shooting stars. During its winter, several nights were tendered brilliant by meteors flying in all directions, as though the heavens were “waging fearful battles”. Many were frightened and felt that surely the world ‘s fast coming to an end. The red snow of the same year, occasioned by the northern lights streaming to the zenith from all points of the compass, will long be remembered and described as startling. Boys and girls did not care to be out upon the ice, or sliding down hill, while the “lumanae boreale” was staining apparently the snow scarlet, as if the very elements were shedding blood.
Are not just as wonderful phenomena taking place now-a-days as ever heretofore? It is believed that when they shall have become four score years old, they will be repeated with as much zest as some of the old folks are asserting that this winter has never been paralleled. Some are declaring that it is an “old fashioned winter”, just like such a one fifty or sixty years’ ago when December was open but severely cold so that the ice froze two and three feet thick on the lakes and in the rivers and February was very open, but, when March came in like a lion, how the heavens did let fall the snow! How it was piled up in the roads and streets in many of the rural towns as it was a few weeks ago in certain parts of New Hampshire, the select men could scarcely get out so as to post their town warrants. The present winter is likely to be one that will be often quoted as remarkable in the years to come.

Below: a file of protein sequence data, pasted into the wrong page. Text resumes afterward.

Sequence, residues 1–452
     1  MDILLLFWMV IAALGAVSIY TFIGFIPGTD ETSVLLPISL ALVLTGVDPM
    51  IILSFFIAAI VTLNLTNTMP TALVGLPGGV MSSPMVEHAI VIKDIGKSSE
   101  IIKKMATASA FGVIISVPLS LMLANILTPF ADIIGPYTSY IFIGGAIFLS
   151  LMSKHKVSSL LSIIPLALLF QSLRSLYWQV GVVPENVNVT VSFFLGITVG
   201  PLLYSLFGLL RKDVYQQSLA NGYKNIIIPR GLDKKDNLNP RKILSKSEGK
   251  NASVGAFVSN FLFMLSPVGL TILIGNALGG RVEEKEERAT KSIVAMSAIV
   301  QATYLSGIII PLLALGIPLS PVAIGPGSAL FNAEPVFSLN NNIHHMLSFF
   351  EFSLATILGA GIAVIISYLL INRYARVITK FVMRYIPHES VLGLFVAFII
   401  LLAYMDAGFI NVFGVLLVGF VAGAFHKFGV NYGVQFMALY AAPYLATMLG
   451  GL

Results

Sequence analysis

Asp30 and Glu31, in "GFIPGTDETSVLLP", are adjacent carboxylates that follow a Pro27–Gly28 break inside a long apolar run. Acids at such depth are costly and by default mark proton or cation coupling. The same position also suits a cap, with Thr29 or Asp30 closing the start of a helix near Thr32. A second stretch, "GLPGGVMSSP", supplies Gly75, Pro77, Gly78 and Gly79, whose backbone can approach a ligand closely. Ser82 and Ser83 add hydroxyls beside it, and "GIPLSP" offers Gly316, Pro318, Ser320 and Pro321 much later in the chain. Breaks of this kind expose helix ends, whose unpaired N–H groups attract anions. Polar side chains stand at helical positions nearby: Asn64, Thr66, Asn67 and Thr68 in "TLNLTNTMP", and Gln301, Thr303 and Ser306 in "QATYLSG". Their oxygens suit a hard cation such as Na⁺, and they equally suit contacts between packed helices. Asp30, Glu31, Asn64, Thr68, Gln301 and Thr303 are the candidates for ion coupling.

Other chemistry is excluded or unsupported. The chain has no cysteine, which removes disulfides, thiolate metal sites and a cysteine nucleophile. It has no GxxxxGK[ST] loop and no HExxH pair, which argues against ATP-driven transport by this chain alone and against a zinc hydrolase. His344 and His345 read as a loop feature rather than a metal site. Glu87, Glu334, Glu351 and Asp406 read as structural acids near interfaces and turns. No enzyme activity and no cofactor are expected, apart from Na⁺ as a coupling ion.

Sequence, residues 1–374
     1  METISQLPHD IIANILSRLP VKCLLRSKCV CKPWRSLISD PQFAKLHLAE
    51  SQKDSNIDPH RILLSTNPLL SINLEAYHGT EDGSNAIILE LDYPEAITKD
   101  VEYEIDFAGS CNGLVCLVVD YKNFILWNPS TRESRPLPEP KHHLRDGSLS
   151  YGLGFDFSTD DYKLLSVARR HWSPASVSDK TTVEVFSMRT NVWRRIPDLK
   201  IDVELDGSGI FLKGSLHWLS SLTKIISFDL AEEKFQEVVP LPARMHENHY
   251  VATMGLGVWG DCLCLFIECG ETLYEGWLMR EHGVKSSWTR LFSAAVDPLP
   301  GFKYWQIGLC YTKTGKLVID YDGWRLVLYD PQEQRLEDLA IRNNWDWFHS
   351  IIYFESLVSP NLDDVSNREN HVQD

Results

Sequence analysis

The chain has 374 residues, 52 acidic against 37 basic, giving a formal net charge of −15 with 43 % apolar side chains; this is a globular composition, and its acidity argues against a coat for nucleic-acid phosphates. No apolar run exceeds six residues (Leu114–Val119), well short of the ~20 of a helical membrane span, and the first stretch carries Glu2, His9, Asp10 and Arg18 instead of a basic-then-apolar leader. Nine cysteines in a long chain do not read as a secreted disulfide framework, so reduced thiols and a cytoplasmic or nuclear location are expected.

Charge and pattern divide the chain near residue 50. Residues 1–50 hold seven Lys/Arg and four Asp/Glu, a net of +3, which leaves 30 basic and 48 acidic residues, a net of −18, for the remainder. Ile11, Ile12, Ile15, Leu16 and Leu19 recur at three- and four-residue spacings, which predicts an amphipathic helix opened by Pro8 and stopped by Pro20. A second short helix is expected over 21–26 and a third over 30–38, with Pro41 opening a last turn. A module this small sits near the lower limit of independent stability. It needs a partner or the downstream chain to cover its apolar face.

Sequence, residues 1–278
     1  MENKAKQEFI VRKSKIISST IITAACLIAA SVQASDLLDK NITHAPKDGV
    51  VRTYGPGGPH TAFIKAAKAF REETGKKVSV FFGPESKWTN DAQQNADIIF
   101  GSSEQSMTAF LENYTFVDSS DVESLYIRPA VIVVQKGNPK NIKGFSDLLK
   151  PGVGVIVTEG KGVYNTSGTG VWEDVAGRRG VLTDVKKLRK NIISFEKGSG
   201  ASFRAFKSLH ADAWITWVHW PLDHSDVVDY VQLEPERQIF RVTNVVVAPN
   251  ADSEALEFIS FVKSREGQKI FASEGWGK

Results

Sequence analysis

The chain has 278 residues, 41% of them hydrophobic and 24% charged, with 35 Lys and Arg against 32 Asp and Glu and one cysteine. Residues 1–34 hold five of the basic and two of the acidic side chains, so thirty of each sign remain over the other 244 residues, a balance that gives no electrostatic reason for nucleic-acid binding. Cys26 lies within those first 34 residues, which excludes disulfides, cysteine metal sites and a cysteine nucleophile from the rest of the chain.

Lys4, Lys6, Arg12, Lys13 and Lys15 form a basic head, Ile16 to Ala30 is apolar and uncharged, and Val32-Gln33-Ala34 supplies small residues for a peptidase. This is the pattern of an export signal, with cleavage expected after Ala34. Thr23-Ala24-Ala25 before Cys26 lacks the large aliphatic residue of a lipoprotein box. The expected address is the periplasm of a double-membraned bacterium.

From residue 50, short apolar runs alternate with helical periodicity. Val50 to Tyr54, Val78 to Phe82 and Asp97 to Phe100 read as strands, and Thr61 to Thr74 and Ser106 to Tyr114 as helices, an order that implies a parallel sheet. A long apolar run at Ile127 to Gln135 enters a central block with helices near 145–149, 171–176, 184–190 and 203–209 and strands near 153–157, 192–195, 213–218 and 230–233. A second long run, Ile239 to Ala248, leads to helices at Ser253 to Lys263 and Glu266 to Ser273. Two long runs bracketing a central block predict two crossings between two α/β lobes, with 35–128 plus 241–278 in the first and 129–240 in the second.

Back in the day, a good old-fashioned Maine blizzard could make getting to Rangeley a real challenge! Photo courtesy of Rangeley Lakes Historical Society

The blizzard of 1888 is already being spoken of as the most remarkable winter occurrence that ever-visited New England. As I read of it, it seemed that a good share of our land was so deeply buried in snow the people would not be able to discover themselves again for the longest while, and it was a question if the sun of summer would give forth sufficient heat to bare the meadows!
The comet of 1861 and the April meteors of that year are already being recounted as phenomenal, and the snows of the same month covered the fences out of sight; and a crust in places was formed so strong that heavy teams could go across lots. When we have a mild winter, it is natural to infer that our climate is becoming warmer; and we attempt to account for the change by the ‘cutting off’ of the forests, the tilling of the soil, and the probable nearer approach of the Gulf Stream to our shores. But let a winter like the present one come upon us, and our logic is prone to an entirely different conclusion. If the Pilgrim Fathers did nearly freeze to death the first winter they spent on Cape Cod, we are not ready to admit from any changes since, that Plymouth Rock can be a very hot place the present season. The old people of the next generation will no doubt have wonderful stories to relate to the young people about natural phenomena.

It is interesting to read the 1896 reference in the last paragraph where the writer speculates that humankind might be impacting the warming climate: “the cutting off of the forests and tilling of the soil”. When one considers the modern decimation of the Amazon and the catastrophic impact of the ‘Dust Bowl’, this unsophisticated writer from little old Rangeley Maine now looks like Nostradamus!